In 1983 author Janet G. Woititz listed, in her book “Adult Children of Alcoholics”, thirteen characteristics most adult children have in common. This list is also known as the “A.C.O.A. Characteristic List” by many adult children.
The 13 Characteristics of A.C.O.A.
- Adult children of alcoholics guess at what normal behavior is.
- Adult children of alcoholics have difficulty following a project through from beginning to end.
- Adult children of alcoholics lie when it would be just as easy to tell the truth.
- Adult children of alcoholics judge themselves without mercy.
- Adult children of alcoholics have difficulty having fun.
- Adult children of alcoholics take themselves very seriously.
- Adult children of alcoholics have difficulty with intimate relationships.
- Adult children of alcoholics overreact to changes over which they have no control.
- Adult children of alcoholics constantly seek approval and affirmation.
- Adult children of alcoholics usually feel that they are different from other people.
- Adult children of alcoholics are super responsible or super irresponsible.
- Adult children of alcoholics are extremely loyal, even in the face of evidence that the loyalty is undeserved.
- Adult children of alcoholics are impulsive. They tend to lock themselves into a course of action without giving serious consideration to alternative behaviors or possible consequences. This impulsively leads to confusion, self-loathing and loss of control over their environment. In addition, they spend an excessive amount of energy cleaning up the mess.
I remember reading this list in her book and feeling overwhelmed by my emotions. Here was my life outlined neatly in black and white ink for all the world to read. I welled up with tears in my eyes. I exhibited each of these traits in one form or another every single day of my life. It felt like a massive weight had been lifted from my shoulders.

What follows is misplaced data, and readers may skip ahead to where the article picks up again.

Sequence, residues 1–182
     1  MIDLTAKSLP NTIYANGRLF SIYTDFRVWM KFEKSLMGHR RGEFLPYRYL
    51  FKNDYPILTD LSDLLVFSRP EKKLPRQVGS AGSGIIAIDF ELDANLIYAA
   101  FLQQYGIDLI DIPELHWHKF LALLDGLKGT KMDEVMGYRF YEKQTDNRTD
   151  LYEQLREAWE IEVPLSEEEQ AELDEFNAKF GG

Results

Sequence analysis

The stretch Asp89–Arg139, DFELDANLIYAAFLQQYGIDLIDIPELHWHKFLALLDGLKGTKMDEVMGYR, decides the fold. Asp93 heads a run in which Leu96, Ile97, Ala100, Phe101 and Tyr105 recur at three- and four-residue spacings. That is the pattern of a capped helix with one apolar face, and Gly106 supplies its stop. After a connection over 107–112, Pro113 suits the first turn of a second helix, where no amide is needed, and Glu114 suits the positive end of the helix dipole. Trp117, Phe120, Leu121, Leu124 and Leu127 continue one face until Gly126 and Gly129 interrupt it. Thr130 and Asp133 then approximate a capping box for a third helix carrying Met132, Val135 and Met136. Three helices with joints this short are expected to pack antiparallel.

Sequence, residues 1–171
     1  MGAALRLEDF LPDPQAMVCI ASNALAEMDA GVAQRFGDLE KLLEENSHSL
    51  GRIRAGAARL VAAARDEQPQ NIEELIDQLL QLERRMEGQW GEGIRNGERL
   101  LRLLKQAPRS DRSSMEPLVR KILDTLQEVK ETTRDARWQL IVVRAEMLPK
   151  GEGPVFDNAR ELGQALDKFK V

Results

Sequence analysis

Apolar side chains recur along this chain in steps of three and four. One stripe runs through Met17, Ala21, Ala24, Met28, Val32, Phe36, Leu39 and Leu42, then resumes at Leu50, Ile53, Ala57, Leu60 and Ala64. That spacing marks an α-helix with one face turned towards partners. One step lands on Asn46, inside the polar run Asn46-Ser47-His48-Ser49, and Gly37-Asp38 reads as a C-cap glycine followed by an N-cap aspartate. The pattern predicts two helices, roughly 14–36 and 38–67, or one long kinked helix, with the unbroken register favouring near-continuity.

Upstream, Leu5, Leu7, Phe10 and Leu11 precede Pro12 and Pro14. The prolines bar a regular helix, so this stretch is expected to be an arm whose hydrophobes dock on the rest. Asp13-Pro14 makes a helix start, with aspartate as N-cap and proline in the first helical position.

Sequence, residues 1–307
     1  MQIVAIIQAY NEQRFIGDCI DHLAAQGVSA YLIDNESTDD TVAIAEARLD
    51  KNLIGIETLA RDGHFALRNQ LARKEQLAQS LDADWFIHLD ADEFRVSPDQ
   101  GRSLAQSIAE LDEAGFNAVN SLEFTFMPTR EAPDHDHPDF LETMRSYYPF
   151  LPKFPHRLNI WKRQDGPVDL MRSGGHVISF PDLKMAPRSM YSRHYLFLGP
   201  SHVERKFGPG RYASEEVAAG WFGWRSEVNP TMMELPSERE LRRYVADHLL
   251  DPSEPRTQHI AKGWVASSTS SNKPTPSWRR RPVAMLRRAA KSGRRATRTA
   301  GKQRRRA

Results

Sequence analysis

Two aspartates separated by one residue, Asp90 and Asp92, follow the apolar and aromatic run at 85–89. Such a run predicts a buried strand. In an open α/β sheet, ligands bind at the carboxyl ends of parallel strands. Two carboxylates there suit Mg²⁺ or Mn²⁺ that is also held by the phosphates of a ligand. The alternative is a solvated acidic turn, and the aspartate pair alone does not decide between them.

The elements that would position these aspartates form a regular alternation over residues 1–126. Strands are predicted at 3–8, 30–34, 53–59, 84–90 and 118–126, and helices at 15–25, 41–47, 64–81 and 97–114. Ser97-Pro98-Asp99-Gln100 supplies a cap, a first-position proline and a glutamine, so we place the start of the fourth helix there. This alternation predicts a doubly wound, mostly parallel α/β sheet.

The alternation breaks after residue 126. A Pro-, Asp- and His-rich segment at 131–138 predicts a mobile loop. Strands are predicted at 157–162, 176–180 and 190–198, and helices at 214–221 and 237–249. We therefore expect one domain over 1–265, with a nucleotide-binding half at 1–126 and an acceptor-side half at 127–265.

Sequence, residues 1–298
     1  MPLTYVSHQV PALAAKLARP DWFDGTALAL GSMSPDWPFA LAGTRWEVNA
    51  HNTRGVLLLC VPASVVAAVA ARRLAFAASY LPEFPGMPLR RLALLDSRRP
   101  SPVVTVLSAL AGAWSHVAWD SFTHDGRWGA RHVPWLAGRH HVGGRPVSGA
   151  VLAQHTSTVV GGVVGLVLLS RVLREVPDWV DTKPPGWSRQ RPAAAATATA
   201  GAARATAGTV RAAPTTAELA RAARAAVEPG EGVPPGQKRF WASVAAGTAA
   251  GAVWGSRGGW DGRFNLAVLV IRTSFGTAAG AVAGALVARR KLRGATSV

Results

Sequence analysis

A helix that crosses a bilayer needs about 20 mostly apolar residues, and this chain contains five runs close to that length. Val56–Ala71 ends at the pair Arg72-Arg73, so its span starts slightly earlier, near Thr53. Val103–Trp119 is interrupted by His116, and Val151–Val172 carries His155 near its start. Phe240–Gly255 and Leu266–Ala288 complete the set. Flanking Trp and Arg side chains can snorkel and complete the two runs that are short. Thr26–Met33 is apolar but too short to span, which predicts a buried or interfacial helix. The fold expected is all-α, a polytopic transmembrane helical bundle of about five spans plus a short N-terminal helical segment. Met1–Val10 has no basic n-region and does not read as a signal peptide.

If this is your first time reading the list you may feel overwhelmed, as I once did a few months ago. Breathe deeply and relax for a few minutes. Some of you are too familiar with this list of common traits among adult children. This list should not be used to condemn us to a life of misery. Do not beat yourself up about any inadequacy you may feel after reading this list. I suggest all of us use this list to bring awareness into our daily lives.
Reflect upon your activities from yesterday. Did you exhibit any of these traits throughout your day? At home? At work? Think about your actions and how these traits affected your decision making process. Now starting at this very moment in your life, wake up and maintain this awareness daily. Understanding why we behave the way we do in certain situations is one of the keys to our recovery. We must learn to recognize each moment when one of these traits surfaces. Once you realize you are behaving based off of traits from this list, you must make an effort to change direction. Take a few extra seconds before you speak, make a decision, or take action. Building awareness in your daily life will bring you closer to recovery.